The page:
Timberwolves – [Navy Blue]

Navy Blue might be somewhat of a newcomer to the music scene, at least over the past few years, but he’s definitely not an unrecognized face in the culture. This is because he is actually the alter ego of Sage Elsesser, a multitalented individual whom I’ve been following for almost a decade now thanks to his relationships with brands like Supreme, which I’ve been a fan of for the better part of my life. I first found out about him through his skateboarding career, considering I have always been a fan of that scene even if I was never good on a board myself, and after getting familiar with the Supreme skate team, Sage was one of the most prominent members of the group. After a while, I rewound my memories even further and realized that artists like Earl Sweatshirt was close friends with him and has even mentioned him in songs, so my knowledge extends even further back than I thought. Over the years, Sage has always dipped his toes in various creative waters, and when he entered into the rap game back in 2015, it was another hidden talent of his that he knew couldn’t be hidden for …

2010 – [Earl Sweatshirt]

To me, Earl Sweatshirt is so much more than a rapper. I first got into him over a decade ago when he was running with the Odd Future crew, and while everyone in that legendary group brought something unique to the table, Earl was just moving so much more differently than anyone else in the entire industry, let alone OFWGKTA. Since then, he has ventured off on his own, releasing more and more albums that seem to get more inventive each time, and while Doris is still a top 5 favorite project of mine, I think Earl has so much more left in the tank. His experimental sound is nothing short of captivating, but the way he uses his words lets you know just how intelligent, creative, and all-around legendary that the LA-based emcee truly is. Simply put, you might not understand everything Earl puts out, but he creates his music in such an abstract way that I can have an extremely different takeaway than you might have, and that’s nothing short of magical, in my opinion. Despite the fact that he has been featured on so many different songs since his last project FEET OF CLAY released back in …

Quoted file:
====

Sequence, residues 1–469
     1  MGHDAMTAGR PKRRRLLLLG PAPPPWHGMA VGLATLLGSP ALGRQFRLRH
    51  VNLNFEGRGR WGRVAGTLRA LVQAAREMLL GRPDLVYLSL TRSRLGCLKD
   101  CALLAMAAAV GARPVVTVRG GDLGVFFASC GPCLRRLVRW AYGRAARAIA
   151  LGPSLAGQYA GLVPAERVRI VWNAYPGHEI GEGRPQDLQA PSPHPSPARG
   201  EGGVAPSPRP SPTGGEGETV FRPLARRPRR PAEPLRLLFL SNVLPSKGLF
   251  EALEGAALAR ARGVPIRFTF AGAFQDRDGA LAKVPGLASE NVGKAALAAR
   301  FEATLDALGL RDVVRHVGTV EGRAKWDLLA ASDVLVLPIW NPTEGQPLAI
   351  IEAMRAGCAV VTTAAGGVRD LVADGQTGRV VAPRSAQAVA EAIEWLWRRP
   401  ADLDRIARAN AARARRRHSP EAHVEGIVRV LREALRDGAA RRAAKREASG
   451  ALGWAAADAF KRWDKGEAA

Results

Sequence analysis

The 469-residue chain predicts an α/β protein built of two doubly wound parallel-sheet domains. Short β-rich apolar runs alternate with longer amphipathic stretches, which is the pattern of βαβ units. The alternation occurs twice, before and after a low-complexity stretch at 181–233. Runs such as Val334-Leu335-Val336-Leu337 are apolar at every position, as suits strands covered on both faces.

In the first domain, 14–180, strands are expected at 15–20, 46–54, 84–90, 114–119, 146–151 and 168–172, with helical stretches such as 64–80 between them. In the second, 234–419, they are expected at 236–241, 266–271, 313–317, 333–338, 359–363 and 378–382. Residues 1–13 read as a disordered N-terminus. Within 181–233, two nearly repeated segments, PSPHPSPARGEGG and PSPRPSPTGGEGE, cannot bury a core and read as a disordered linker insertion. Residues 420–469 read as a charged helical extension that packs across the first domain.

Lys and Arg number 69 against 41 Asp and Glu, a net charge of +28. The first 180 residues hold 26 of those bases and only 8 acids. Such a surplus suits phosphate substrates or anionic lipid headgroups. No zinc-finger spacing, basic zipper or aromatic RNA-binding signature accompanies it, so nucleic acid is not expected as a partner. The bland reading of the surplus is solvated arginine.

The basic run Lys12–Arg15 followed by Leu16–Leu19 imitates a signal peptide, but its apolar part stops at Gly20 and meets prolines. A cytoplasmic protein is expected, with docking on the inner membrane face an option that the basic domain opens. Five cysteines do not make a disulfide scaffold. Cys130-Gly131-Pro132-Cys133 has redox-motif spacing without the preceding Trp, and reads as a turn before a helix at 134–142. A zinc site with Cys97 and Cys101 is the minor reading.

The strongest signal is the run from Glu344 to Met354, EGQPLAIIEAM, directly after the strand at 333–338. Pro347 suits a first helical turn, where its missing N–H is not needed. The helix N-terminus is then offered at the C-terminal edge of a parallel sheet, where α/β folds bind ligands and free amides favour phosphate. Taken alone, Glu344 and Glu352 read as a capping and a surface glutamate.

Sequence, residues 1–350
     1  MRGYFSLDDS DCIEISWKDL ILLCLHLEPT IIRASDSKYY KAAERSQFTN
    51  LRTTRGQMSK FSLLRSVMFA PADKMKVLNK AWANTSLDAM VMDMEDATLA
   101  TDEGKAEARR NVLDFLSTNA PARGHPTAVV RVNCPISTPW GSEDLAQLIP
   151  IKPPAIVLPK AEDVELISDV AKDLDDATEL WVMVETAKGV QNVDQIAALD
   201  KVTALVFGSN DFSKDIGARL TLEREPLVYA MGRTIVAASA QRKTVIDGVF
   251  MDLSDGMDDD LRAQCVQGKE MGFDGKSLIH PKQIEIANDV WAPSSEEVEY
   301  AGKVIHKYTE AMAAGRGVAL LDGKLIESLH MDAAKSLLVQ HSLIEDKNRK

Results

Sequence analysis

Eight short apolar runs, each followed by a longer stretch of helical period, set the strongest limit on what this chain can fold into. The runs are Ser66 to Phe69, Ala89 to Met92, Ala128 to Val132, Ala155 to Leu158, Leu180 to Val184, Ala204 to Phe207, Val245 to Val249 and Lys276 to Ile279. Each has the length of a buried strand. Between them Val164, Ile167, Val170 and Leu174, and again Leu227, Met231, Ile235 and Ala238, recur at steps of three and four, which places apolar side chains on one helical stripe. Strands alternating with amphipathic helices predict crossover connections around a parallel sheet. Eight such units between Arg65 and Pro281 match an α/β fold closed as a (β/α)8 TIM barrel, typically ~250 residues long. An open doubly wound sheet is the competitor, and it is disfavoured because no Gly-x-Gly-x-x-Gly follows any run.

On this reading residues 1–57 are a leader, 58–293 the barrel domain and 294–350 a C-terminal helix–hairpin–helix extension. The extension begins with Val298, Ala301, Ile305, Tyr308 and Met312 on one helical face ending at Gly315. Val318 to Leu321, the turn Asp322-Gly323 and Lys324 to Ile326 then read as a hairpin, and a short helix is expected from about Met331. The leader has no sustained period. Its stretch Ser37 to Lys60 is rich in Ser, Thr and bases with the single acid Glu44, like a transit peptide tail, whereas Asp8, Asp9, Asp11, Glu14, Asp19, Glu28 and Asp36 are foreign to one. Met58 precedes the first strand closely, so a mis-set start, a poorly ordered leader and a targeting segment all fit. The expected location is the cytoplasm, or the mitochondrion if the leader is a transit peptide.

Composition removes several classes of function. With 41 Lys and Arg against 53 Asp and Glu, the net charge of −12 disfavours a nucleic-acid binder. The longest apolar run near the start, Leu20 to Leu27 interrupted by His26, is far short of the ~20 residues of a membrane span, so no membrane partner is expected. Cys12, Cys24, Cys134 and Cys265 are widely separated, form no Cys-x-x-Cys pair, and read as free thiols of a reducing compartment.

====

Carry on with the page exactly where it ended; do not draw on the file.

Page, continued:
Higher Self – [Navy Blue]

A rapper by the name of Navy Blue is ending 2019 by taking a moment to self-reflect on his new song, “Higher Self”. The new track and accompanying video showcase the rapper’s spoken-word style of rap as he lets his stream of consciousness flow in the form of methodical, thought-provoking bars. Navy Blue navigates between subject matter with a deftness for connecting floating thoughts in his mind, and it feels like he draws content for his lyrics naturally from his environment. He treats the song as one extended verse filled with vivid metaphors and double entendres that keep a listener on their toes. There’s an overwhelming melancholy that pervades the entire track, and producer Demahjiae adds to this effect with a beat that’s composed of an eerie piano loop and other sparse, ambient sounds. The video itself, directed by Ryosuke Tanzawa, builds a portrait Navy Blue’s world through vignettes into daily life as he walks down the street. The rapper seems to find his inspiration for his poetry as he moves through the scene, and his process gets rendered in a grainy, vintage style that reiterates the timelessness of his sound. Watch “Higher Self” by Navy Blue below:

Run It Up – [King Carter] & [Rago Foot] ft. [MIKE]

As they gear up to drop their collaborative mixtape ‘Prayers Ain’t Enough’, King Carter and Rago Foot have shared a new music video from the project. On “Run It Up”, the synergy between the New York rapper and U.K. producer becomes apparent with Carter’s flows adding a sharp edge to Foot’s loopy, sample-based production. The track also features bars from Carter’s east coast cohort MIKE, who dropped his standout ‘tears of joy’ tape a few weeks ago. Both Carter and MIKE are members of New York’s sLUms collective, which has been responsible for some of the most eclectic underground hip-hop releases this year. Filmmaker Ryosuke Tanzawa brings Carter’s and MIKE’s verses to life, cutting between abstract close-ups of that mimic the song’s lyrics and shots of the two artists rapping on a rooftop. As they go bar for bar over Foot’s incessant soulful chops, the visual gives the viewer a birds-eye perspective of the narrative that’s woven into the track. With ‘Prayers Ain’t Enough’ just around the corner, “Run It Up” makes for a promising preview of what’s to come.